Sustainable management of intestinal parasites of livestock in Botswana
This project is focused on the transmission of parasites between wildlife and livestock and we work directly with farmers in Botswana to improve livestock health and to gather data that will allow us to develop sustainable and cost-effective worm treatment strategies.
University of Bristol
We hope the research will inform locally relevant and seasonally targeted parasite treatment strategies for smallholder farmers at the border of a national park. To achieve these goals we initially held focus group discussions in order to learn about the livestock in the villages and diseases that the farmers think are important. The farmers indicated that intestinal worms are a big problem for them. In the next phase, we trained 47 farmers to use a simple, existing method called Five-Point-Check to identify individual goats within their herds which require treatment. The farmers check their herds and record data on a regular basis; this data will then be used to validate a model which will allow us to adapt targeted treatment seasonally for each village. We hope to use the information we’ve gained to train farmers to recognize and sustainably manage parasite infection in their livestock in a way that is cost-effective and locally relevant.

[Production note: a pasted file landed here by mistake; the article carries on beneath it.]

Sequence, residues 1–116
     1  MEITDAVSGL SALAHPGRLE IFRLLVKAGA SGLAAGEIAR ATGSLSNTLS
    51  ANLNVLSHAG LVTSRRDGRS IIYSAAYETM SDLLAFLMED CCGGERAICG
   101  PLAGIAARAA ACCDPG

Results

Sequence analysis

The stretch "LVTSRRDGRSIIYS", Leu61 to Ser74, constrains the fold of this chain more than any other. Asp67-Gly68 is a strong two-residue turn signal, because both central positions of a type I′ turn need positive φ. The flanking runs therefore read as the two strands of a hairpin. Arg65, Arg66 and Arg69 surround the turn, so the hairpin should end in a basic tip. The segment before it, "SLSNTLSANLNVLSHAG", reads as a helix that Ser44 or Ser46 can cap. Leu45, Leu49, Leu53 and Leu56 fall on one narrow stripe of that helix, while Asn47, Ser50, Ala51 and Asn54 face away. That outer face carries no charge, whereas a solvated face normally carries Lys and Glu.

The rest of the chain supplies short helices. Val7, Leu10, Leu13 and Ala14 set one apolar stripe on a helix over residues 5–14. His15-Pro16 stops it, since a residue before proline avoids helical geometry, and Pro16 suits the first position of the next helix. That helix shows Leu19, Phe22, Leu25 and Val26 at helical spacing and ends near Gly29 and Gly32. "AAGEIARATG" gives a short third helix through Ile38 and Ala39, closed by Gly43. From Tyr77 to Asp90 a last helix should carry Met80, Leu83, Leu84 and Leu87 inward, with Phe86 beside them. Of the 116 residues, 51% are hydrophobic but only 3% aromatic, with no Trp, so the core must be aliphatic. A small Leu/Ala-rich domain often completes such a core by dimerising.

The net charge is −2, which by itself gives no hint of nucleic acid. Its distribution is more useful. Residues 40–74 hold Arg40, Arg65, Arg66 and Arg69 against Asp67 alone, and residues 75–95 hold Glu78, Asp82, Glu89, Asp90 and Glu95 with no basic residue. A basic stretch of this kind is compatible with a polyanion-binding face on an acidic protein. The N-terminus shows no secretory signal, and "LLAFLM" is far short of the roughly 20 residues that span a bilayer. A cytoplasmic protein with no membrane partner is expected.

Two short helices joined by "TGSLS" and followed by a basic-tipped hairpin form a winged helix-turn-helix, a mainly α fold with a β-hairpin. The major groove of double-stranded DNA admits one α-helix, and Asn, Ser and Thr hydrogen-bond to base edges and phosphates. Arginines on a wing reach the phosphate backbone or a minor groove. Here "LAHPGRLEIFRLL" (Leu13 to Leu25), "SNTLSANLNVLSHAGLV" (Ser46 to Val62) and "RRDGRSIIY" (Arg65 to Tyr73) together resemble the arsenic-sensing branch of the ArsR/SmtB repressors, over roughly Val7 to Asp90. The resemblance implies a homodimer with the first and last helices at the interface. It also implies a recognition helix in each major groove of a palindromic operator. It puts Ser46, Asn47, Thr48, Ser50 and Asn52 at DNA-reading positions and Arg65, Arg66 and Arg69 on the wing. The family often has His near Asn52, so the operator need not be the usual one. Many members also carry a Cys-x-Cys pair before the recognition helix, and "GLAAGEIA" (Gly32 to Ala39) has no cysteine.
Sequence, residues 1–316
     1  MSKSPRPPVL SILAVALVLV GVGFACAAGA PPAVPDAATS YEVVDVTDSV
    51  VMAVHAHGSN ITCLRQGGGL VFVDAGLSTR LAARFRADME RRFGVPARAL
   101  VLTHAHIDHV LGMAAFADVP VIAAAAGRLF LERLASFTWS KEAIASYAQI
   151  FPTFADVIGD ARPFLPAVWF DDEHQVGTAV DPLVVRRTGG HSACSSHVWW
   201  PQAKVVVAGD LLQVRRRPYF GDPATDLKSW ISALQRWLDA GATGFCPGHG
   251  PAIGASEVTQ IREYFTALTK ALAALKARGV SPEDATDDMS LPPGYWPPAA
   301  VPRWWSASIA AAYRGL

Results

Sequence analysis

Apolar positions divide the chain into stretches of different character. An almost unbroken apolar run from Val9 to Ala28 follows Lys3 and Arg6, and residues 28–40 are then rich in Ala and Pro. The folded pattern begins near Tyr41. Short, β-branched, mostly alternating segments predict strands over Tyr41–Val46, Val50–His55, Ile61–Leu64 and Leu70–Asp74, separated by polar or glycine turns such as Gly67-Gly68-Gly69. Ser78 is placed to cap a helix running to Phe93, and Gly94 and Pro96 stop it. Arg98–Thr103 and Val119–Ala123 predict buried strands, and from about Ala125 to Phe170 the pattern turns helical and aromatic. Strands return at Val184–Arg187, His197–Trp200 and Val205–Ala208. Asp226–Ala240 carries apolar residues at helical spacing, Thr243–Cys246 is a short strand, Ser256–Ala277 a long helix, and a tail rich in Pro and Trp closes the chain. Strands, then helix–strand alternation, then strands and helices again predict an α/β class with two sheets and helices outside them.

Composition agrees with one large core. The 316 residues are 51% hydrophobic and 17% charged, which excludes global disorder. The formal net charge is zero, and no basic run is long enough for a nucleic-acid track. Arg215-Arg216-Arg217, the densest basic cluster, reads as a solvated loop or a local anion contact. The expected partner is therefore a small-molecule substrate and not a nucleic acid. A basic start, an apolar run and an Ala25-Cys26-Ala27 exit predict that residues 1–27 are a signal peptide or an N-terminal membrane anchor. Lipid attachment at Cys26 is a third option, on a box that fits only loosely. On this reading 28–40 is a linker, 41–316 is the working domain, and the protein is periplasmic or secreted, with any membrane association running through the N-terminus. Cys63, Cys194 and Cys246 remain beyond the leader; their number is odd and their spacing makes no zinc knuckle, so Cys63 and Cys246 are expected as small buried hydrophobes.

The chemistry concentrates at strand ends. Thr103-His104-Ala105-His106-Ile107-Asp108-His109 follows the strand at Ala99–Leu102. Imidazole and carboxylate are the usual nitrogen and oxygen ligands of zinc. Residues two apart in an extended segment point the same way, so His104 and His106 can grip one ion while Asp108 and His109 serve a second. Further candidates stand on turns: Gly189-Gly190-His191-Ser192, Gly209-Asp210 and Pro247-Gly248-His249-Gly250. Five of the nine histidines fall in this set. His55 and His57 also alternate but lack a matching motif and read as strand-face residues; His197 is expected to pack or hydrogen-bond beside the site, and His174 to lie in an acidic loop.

We are working in four small villages that border Makgadikgadi Pans National Park in Botswana, and we enrolled a subset of the livestock owners in these villages to participate in the project. The farmers helped us to define the specific parasites (gastrointestinal worms) which we would focus on, and we have been measuring the success of the project based on farmer participation and feedback. Following an initial set of training for the farmers, we asked them to continue to apply the targeted selective treatment method regularly and independently throughout the rainy season, and then we returned after three months. We evaluated progress using a short survey where farmers were able to provide open ended feedback and opinions on the programme and on how we can make the system better for them. We are currently in the process of retraining and remotivating farmers and tweaking the system based on their feedback. We will additionally evaluate the project based on measured health changes between the herds based on the level of participation and following of the protocol of the programme. This final evaluation will lead to a recommendation to the government of Botswana regarding the feasibility, cost-effectiveness, and sustainability of targeted worm management.